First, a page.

Significantly, science never succeeded at measuring a demon. Sure, lots of people tried, and none of them ever managed to catch one. Is that why people stopped believing in demons--because we couldn't detect one? No! That would be a shallow and lazy excuse. Everyone knows there are things science has not yet discovered. The reason people stopped believing in demons is because a better explanation for the same phenomenon (germs) was discovered.
"Now wait a minute!", you might say, "Those ancient people weren't really wrong. They just used concepts they were familiar with to describe the situation. In a sense, germs could be called little demons, and those people didn't even know about germs, so how could they have been expected to describe it any better?"
If we're trying to judge the people who lived in the dark ages, then sure, many of them were being as intelligent as possible with the limited knowledge they had. But if we're trying to treat the condition, the demon explanation has some serious issues. Demons imply that we need some kind of religious ritual. Germs imply that we need soap. Those two treatments are not interchangeably valid. Rituals don't kill germs. Soap does. So when it comes to treatments, germs are the right explanation. Demons are wrong.
Analogously, Christians often imagine atheists disbelieve in God and spirits and the after-life simply because science cannot detect those things. What a shallow lazy excuse that would be! Perhaps some atheists really are that shallow. But the reason a lot of scientists really don't accept these explanations is because they are aware of natural explanations that have more supporting evidence.
Christians often don't like to give these explanations fair consideration, but to a scientist, that's kind of their job. So, from the perspective of a scientist:
"But wait a minute!", you might say, "Maybe evolution is just how God performed creation. Maybe spirits are just an ancient way of describing the way a connectome and neuron activations work together to form a mind. And maybe God put those cognitive biases in our hearts so we would be drawn to him!"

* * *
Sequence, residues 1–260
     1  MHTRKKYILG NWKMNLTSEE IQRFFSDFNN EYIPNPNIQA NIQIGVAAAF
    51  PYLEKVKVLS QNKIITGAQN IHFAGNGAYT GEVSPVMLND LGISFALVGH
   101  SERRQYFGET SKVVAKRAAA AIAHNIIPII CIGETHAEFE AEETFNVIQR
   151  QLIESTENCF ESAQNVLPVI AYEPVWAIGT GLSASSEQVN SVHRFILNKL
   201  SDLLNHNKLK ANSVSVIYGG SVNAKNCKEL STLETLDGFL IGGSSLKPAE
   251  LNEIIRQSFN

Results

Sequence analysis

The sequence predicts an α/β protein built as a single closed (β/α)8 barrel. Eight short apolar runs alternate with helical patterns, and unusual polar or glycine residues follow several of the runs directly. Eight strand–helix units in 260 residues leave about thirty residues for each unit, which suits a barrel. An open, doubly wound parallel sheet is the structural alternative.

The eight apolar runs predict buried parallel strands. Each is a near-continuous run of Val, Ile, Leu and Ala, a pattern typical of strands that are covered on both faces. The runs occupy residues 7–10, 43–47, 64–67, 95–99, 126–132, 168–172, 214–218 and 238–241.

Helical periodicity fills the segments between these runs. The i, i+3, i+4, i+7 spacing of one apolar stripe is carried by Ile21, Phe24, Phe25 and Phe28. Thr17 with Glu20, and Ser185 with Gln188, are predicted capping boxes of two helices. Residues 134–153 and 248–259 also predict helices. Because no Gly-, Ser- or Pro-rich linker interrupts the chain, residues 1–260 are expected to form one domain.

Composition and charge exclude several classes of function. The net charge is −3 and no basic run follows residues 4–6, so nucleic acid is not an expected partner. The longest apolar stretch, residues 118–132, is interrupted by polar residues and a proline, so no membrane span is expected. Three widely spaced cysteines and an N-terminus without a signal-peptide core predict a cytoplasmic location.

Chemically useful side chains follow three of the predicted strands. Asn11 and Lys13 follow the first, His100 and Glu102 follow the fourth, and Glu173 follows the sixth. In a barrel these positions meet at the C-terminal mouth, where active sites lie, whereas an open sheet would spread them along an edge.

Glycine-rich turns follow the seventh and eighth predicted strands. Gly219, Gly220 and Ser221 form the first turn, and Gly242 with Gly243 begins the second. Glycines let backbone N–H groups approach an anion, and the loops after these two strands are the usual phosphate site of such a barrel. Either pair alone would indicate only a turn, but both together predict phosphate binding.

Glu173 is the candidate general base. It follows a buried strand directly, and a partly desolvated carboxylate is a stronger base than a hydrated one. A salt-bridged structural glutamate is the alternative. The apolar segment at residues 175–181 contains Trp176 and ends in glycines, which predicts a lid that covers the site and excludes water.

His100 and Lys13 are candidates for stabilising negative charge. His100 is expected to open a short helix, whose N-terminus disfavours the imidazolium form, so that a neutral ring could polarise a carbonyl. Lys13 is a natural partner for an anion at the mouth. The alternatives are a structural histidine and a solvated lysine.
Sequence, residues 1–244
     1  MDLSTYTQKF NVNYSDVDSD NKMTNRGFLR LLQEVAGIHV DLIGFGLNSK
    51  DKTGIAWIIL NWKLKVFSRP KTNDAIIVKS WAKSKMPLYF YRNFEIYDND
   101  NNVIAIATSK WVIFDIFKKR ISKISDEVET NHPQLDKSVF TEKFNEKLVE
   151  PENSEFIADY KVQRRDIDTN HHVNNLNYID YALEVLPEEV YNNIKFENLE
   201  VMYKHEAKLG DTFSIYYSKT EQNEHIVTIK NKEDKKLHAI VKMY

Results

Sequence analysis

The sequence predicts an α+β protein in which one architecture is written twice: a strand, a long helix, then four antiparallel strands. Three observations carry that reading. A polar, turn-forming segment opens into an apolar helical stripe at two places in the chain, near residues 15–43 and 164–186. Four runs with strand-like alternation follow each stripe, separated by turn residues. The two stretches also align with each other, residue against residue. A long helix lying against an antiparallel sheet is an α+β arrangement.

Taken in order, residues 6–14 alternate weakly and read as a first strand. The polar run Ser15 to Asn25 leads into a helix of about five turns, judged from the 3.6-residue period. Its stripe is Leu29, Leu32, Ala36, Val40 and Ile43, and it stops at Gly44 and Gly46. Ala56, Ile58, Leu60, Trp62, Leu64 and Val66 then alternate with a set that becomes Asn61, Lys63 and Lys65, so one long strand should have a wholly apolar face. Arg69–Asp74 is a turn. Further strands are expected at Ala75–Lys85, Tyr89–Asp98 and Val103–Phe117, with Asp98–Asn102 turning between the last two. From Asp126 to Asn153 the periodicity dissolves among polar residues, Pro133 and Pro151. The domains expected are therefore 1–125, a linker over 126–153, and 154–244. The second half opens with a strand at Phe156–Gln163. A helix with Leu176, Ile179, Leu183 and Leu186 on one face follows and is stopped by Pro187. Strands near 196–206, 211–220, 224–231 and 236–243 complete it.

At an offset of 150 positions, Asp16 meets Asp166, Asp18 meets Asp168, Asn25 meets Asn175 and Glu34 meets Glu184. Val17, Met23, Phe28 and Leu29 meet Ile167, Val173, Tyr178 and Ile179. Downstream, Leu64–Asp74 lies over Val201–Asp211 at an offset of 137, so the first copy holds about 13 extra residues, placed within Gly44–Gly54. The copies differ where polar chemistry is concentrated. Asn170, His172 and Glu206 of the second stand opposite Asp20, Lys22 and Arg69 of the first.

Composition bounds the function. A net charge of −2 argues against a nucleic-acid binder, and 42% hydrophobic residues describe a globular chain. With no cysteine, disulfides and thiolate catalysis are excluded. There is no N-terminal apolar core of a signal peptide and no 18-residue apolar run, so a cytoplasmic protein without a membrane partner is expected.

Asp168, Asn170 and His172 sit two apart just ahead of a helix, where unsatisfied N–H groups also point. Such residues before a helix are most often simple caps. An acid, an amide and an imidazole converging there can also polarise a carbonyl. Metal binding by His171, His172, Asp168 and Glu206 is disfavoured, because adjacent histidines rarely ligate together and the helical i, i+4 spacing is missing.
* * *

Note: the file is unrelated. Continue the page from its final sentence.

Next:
Sure, we are all smart people, and we are all perfectly capable of finding ways of viewing ancient explanations as having actually been sort-of mostly right. It's like calling germs demons. It just doesn't cut it for inferring the consequences. If "creation" was really an imprecise metaphor, how can we expect other religious teachings to be precise and literal? If "spirits" decompose away with our brains when we die, that has real consequences for a potential afterlife. And if "God" is really a fabrication of our subconscious minds, his power would also be limited to operate within our own minds.
These are not trivial implications that can just be brushed aside to make peace with religion. These are things matter to real people, especially people who study nature and want to know as much as they can (a.k.a. "scientists"). In other words, until religion surrenders the entire domain of knowledge, there remains a very real conflict between science and religion.
"But Christians will never fully surrender the domain of knowledge", you might say. "Many of them would die before letting science have free reign to teach there is no God!"
Yes, some religious people can indeed be stubborn. But don't underestimate the sheer stubbornness of reality. It's going to keep doing what it does long after this generation has died trying to defend its way of life. No one can out-stubborn the truth. In the long-run, truth always prevails.
In other words, there will eventually be peace between science and religion. It might take a very long time, but it will happen. It will happen when science and religion finally line up on the both sides of the natural gap. I believe the natural location is where Hume identified it to be. So I believe religion will eventually evolve to stop making factual claims, and focus on its purview of inspiring people to make wise and moral choices. I think this is an important role, so we cannot just destroy religion. If we did, it would come back to fill this need.
What will religion look like when it no longer makes baseless claims about factual matters? We have several examples already. Perhaps it will look somewhat like Buddhism. Maybe it will be more like Unitarian Universalism. Maybe people will gather just to watch and discuss TED talks. I personally find a lot of inspiration in Stoicism. Maybe it will be some amalgamation of all of these. Maybe it will be something new and totally different. But I think this evolution has already begun. Now it's just a matter of time.
I kind of hope by the time religion makes peace with science, we will no longer need so many competing religious factions. But maybe there is some necessary purpose for having religious conflicts. Maybe people need that to stay motivated. I don't know. I guess I'll have to wait to find out. But I wish it would hurry up. I'm getting kind of tired of the same boring debate between science and religion. Let's move forward already!